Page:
The Dream Act is intended to protect immigrant youth who entered the United States as children and know America as their only home. The bill offers qualifying immigrant youth “conditional permanent resident status” and a path to full lawful permanent residency and eventual citizenship. In order to receive the conditional status, the youth must, among other requirements, have entered the U.S. as a child, been continuously present in the United States for at least four years prior to enactment of the bill, meet certain admissibility and security requirements, and have obtained or be pursuing secondary education. Current DACA recipients are also deemed eligible for the conditional status. S.1615 allows recipients of this conditional status to obtain non-conditional lawful permanent residency if they satisfy requirements that include: background checks; demonstrated English proficiency; and either education in a higher learning institution, honorable military service, three years of employment in the United States, or a hardship exception.

My brother bishops and I believe in protecting the dignity of every human being, particularly that of our children. The Catholic Bishops have long supported these immigrant youths and their families who are contributors to our economy, academic standouts in our universities, and leaders in our parishes. These youths have grown up in our country, some even choosing to put their lives on the line to serve in our armed forces. They truly exemplify the extraordinary contributions that immigrants can provide to our nation. These youths should not be forced to live their lives in constant fear that they will be deported at any moment and separated from their families. It is both our moral duty and in our nation’s best interest to protect them and allow them to reach their God-given potential.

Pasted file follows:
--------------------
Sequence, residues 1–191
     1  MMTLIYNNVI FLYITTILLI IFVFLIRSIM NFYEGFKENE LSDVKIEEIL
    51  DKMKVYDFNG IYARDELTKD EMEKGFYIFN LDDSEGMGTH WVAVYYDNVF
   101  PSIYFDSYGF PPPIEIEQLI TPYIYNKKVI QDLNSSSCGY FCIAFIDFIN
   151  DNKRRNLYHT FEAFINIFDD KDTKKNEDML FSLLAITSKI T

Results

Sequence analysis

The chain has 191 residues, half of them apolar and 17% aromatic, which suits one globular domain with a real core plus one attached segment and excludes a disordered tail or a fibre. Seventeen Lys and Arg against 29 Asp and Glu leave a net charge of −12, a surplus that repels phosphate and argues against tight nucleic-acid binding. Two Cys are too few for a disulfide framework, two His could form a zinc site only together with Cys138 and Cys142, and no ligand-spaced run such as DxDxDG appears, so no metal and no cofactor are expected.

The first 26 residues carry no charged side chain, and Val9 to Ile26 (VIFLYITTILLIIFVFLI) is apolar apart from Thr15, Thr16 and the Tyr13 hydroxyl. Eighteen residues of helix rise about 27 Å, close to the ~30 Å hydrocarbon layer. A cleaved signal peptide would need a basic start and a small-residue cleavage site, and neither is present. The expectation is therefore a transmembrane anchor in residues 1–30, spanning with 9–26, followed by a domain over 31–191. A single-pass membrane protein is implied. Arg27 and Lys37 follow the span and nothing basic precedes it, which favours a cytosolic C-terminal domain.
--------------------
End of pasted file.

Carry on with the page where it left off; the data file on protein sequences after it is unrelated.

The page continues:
For these reasons, we ask you to support and co-sponsor the Dream Act of 2017. We also urge you to continue to work towards the larger legislative reform of our immigration laws that our country so desperately needs. As always, USCCB/COM stands ready to work with Congress to reform our immigration system in a humane, just, and common-sense manner.


Most Rev. Joe S. Vásquez

Chairman, USCCB Committee on Migration


Click here for a PDF Version of the letter Supporting the DREAM Act